There are about a dozen bananas in this basket.

There are about twelve bananas in this basket.

I know that there are some adjectives that show quantity. So, twelve is an adjective for sure. However, regarding dozen, I've some reservations. Oxford dictionary mentions dozen as noun only.

So I want to know, in the above sentence, is dozen a noun or an adjective?

  • 1
    The phrase “a dozen” is functioning as a perfect synonym of “twelve” here and both are cardinal number adjectives. The noun “dozen” acting as a noun (and not a number) is actually somewhat rare. Sep 23, 2013 at 18:37
  • @TylerJamesYoung- In two dozen bananas, what will dozen be- noun or adjective? I am sure, two is adjective here and bananas is noun.
    – aarbee
    Sep 23, 2013 at 18:42
  • How can dozen ever function as a noun?
    – Peter Flom
    Sep 23, 2013 at 18:49
  • @PeterFlom- Do you eat almonds? In dozens!
    – aarbee
    Sep 23, 2013 at 18:51
  • 2
    @Ramit - It depends on who you ask. I like the camp who say that it's a special class of word called a determiner. That's how some dictionaries (like Collins) list the word.
    – J.R.
    Sep 23, 2013 at 19:19

4 Answers 4


Dozen is not an adjective. Snailboat has already given a lot of reasons why it can't be an adjective; another is that dozen can take the inflection -s - dozens - and no English adjective can do that. Not even on those occasions when an adjective is being used as a noun. Then we say "the old" or "the poor", not "*olds" or "*poors".

Dozen can take a determiner: a/the/a few/my dozen. It can be counted: two/three/four dozen. It can be a plural: we have dozens. In short, it is a noun.

Don't be misled by dozen apparently modifying another noun. Nouns can modify nouns, as in work clothes, Oxford student, or the inevitable car park.

  • 2
    1. How about woolen clothes? Have you packed your woolens? 2. I have many white dresses. I am advised to wash whites with colored ones. Similarly leather, solid, light etc are the adjectives which can take s at the end and can become nouns.
    – aarbee
    Sep 24, 2013 at 4:41
  • I really liked your work clothes example. I am tending to have second thoughts now. But car park is just one word. It's un-parse-able.
    – aarbee
    Sep 24, 2013 at 4:44
  • 1
    When a noun modifies another noun, it is typically equivalent to reversing the order and adding "of". E.g. "Student of Oxford." When you cannot do this, the combination is generally a single, open-compound noun. E.g. "work clothes" or "car park." The key question is, will you insist that "ten" is an adjective but "hundred" is not? Because hundred has all of the problems you attribute to dozen. Sep 25, 2013 at 17:47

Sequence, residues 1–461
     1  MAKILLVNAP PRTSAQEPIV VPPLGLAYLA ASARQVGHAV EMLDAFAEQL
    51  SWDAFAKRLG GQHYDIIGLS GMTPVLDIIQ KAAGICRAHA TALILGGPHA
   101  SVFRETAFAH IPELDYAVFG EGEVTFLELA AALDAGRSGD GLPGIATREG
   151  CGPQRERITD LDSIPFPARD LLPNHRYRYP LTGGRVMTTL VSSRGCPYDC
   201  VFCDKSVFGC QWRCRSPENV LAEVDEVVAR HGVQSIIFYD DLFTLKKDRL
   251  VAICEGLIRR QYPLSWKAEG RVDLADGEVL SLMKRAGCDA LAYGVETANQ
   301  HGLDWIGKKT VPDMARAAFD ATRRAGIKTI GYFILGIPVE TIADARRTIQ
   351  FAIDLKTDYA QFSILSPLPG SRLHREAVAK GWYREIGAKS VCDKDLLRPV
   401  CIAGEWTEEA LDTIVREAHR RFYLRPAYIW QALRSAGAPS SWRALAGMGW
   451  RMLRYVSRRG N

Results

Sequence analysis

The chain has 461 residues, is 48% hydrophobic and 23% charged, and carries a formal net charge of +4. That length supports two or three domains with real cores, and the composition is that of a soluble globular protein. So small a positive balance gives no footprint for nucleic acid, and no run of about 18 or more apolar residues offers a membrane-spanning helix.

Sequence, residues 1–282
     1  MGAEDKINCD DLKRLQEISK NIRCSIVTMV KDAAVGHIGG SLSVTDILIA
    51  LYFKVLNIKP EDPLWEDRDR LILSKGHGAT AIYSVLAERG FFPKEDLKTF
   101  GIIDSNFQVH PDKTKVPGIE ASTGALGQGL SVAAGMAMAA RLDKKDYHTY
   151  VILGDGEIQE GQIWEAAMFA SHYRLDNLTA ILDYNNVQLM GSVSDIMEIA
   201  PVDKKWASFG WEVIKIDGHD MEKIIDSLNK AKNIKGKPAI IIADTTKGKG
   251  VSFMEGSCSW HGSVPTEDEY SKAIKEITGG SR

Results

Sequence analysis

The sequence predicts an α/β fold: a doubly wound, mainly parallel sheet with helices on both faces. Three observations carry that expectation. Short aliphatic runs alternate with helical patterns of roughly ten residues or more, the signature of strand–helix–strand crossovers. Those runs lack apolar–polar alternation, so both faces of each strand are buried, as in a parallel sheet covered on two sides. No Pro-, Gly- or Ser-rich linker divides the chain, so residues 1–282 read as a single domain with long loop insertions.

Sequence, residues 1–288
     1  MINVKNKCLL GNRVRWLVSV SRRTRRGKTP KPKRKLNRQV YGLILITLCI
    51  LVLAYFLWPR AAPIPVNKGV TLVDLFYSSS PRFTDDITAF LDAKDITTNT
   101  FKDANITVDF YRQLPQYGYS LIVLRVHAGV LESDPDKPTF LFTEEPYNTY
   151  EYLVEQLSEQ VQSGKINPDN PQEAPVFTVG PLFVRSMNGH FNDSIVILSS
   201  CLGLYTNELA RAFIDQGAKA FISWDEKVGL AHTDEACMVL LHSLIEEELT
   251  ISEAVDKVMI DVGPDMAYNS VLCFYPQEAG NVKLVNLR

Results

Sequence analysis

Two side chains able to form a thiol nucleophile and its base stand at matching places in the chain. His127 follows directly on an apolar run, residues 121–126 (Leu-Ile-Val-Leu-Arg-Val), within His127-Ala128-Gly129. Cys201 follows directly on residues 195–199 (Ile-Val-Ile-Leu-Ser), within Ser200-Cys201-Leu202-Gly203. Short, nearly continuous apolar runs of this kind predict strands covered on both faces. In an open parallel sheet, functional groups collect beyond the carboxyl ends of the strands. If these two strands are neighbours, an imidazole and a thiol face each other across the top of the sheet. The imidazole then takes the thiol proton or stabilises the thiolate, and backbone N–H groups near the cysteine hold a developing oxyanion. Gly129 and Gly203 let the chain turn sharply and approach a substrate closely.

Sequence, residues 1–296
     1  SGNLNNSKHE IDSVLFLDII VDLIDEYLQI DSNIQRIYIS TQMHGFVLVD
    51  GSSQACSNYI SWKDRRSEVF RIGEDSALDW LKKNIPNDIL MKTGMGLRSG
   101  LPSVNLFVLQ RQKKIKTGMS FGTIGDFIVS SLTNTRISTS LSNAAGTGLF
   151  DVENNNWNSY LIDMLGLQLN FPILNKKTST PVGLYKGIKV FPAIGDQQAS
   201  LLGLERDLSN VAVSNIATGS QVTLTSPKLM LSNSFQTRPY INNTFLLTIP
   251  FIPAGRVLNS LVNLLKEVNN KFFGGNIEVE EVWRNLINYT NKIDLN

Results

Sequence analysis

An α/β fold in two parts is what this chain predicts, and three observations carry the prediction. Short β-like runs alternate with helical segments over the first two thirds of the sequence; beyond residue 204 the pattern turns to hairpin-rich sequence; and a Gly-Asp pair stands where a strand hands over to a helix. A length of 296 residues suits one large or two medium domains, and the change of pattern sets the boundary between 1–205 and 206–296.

• 1
    I am not insisting that ten is an adjective. Quite the opposite. Please read more carefully... Sep 25, 2013 at 18:27
  • @RoaringFish - Colors can and are used as plurals when nouns. From James Taylor's "Sweet Baby James": "Deep greens and blues are the colors I choose..." Nov 27, 2015 at 20:59

In the example sentence, dozen is an adjective of quantity. It modifies bananas.

Merriam-Webster agrees that dozen can be an adjective. Not sure why Oxford omits that.

An interesting point came up in the comments, so I'll use that to improve the answer.

I assume that you have no problem seeing that "ten" is an adjective. Therefore you must agree that "hundred" is also an adjective. But "hundred" has exactly the same problems as "dozen." I can say "I bought ten bananas" but I cannot say "I bought hundred bananas."

The reason is that although most bare adjectives are also complete adjective phrases, a few of them (e.g. dozen, score, hundred, thousand) are not. You need some other determiner like "a" or "the" to complete the phrase. Adjectives combine with other words to make adjective phrases. Adjective phrases can then modify nouns (helping make noun phrases) and do the other things you think of adjectives as doing. Adjectives (in modern linguistics) do not directly modify nouns; only phrases do.

All of the objections to "dozen" failing as an adjective are actually objections to it failing to be an adjective phrase. It is an adjective; it's just not a phrase.

Examples: We can coordinate "a dozen" with another adjective phrase.

"There were a dozen or more bananas."

That clearly shows that "a dozen" is not a noun phrase in this sentence because "more" is not a noun phrase. If you agree that "more" is an adjective phrase in this sentence, then "a dozen" must also be.

The distinction between words and phrases is critical for understanding the behavior of nouns and verbs, but we can usually ignore it for adjectives. This is just one of those cases where we can't.